West Oxfordshire council tax frozen for second year running
Despite difficult economic times, West Oxfordshire District Council has confirmed it will not be increasing its council tax charge for the forthcoming financial year, 2012/13.
At its annual council tax setting meeting, the District Council also pledged to protect key voluntary sector organisations, support the local economy and continue with its efficiency savings programme.
Second lowest council tax charge in England and lowest in Oxfordshire
For the second year running the District Council has taken up the Government’s offer to part-fund a council tax freeze.
This decision means that, at £81.63p a year for a Band D property, West Oxfordshire looks set to continue to have the second lowest council tax of all shire district councils in England and the lowest of all five district councils in Oxfordshire.
The £81.63p annual charge equates to an average of a little over £1.50p per week per household for all district council services, including affordable housing, planning, waste and recycling services and leisure centres.
Cllr Barry Norton, Leader of the Council hoped that a council tax freeze would benefit residents at a time when inflation is a particularly large strain on household and individual finances. He said: “I think the Council Tax proposals set out (by Cabinet) represents continuing excellent Value for Money for West Oxfordshire residents.
“Our charge remains less than half the national average charge ensuring local residents continue to benefit from our determination to use as little of taxpayers money as possible whilst continuing to provide the services which help to ensure our district continues to be one of the best places to live and work and visit.”
Similar to other local authorities, West Oxfordshire is redressing its budgets following cuts of almost 25% in government grant as part of the government’s plan to bring public finances back into balance.
An efficiencies programme started four years ago has so far delivered £2.1m savings in total for the Council.
Cllr Norton said he had been struck by the amount of savings made with very little impact to services. He said, “We have been innovative in how we deliver these services, more recently taking advantage of improved procurement and shared services amongst other approaches.
“Both councillors and officers are united in this approach to improving the value for money of our services and both have made sacrifices through pay and allowances freezes over recent years. My thanks are offered to all that have made these personal sacrifices in these difficult financial times.”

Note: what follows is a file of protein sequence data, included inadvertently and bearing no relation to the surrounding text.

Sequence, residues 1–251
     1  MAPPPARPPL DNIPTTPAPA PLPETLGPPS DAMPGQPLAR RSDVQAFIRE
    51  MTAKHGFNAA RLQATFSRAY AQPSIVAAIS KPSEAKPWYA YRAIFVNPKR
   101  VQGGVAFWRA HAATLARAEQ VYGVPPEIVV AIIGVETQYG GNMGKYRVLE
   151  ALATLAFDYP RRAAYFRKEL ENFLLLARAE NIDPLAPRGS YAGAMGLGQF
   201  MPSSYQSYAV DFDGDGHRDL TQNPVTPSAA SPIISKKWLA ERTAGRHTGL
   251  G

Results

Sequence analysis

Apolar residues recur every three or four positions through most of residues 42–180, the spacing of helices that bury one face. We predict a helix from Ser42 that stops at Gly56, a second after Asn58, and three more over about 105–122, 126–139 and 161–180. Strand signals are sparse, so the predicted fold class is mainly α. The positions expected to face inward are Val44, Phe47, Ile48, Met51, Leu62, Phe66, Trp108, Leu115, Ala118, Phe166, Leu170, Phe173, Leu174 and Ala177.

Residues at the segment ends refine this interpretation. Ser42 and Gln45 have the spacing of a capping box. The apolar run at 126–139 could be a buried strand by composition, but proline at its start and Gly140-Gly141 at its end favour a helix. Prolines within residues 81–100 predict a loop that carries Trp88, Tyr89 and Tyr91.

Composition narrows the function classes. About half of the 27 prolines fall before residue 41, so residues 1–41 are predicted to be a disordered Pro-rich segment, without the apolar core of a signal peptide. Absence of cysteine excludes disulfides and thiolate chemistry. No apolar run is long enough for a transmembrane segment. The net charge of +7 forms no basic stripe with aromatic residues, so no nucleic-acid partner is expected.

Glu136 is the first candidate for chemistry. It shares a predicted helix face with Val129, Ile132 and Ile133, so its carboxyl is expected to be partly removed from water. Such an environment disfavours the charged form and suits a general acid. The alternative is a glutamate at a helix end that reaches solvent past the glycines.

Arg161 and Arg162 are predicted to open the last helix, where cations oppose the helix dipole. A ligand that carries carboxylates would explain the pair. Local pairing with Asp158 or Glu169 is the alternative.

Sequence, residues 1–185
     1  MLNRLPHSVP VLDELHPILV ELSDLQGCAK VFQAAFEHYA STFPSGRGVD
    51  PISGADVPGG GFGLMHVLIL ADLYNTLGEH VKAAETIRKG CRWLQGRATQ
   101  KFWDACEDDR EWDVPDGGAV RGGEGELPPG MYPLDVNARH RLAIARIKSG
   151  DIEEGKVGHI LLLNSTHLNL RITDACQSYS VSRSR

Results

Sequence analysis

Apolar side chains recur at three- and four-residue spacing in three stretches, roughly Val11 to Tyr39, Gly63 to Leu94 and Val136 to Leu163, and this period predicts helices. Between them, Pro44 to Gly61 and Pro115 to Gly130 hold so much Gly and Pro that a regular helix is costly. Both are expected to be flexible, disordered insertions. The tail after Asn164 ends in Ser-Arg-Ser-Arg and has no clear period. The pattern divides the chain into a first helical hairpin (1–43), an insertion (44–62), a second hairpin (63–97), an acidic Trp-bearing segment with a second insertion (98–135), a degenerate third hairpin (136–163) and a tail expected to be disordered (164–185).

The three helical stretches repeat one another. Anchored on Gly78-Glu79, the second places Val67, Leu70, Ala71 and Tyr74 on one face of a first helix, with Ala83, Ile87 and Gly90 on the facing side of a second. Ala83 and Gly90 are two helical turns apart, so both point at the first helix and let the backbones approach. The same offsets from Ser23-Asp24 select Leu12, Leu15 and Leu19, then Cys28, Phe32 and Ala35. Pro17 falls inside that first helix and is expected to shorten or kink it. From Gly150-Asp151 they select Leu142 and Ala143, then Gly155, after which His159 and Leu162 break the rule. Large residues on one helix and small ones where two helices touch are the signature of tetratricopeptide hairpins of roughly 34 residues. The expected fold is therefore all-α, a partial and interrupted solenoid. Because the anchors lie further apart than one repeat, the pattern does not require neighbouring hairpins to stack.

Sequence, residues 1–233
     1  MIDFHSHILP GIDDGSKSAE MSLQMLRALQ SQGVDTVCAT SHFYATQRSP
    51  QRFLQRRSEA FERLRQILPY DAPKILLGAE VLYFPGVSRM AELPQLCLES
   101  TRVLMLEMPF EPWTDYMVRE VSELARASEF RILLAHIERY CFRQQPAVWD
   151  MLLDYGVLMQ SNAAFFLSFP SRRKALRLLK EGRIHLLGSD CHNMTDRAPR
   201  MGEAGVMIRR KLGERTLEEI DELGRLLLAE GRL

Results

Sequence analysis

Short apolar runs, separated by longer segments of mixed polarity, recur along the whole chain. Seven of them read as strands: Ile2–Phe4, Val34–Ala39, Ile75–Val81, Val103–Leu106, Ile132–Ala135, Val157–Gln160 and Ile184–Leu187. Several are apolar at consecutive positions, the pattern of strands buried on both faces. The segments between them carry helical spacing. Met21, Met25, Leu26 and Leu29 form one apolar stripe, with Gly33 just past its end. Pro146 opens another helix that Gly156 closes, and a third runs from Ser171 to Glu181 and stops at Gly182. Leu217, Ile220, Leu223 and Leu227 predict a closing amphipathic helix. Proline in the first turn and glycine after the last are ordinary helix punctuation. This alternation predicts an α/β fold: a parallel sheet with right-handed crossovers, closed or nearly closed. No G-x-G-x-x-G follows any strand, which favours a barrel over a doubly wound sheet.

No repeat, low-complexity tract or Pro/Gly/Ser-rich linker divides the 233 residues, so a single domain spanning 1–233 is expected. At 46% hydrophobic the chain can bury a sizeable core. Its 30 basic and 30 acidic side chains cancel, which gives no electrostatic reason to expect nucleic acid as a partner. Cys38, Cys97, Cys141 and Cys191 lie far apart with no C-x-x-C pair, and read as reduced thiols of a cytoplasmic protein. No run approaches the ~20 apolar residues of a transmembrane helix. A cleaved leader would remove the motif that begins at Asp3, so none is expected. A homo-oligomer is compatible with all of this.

Protecting key voluntary sector organisations and the local economy
The Council confirmed it would be protecting key voluntary sector organisations from significant grant cuts with a budget of £281,000 set aside. However, grant allocation had been readjusted to match the Council’s priorities, meaning some organisations would see an increase and some would see cuts.
Commitment to supporting the local economy was reaffirmed with continuation of free car parking and no increase in charges for taxi licences, rents for market stallholders and trade waste charges. The Council had also lobbied the government strongly to mitigate the impact of business rates caused by the increase in the retail price increase in the autumn of last year.
Cllr Simon Hoare, Cabinet Member for Resources said, “Freezing council tax sends out a clear message to residents – we are on your side, doing all we can to help.
“As I’ve said before this is not a knee jerk reaction budget, not a slash and burn budget and there is no panic in the ranks. However, as these difficult times are going to continue, our medium term financial strategy is very important, and we are going to have to live within our means.
“Staff are playing an important part towards the efficiency savings programme, looking for opportunities to make savings and generate income, wherever they can. We are all very much in this together with everyone looking at ways to do things better, smarter, more efficient.
“This is a good budget that helps to meet our objectives.”
The Council’s net operating expenditure for 2012/13 was set at nearly £9m, a decrease of £480,000 or 5% on last year’s budget.
West Oxfordshire’s current (2011/12) share of the total Council Tax bill represents only 5.6% of the total. The bulk of the bill, 80%, is payable to Oxfordshire County Council for a range of services including Education, Social Services and Highways Services amongst others.
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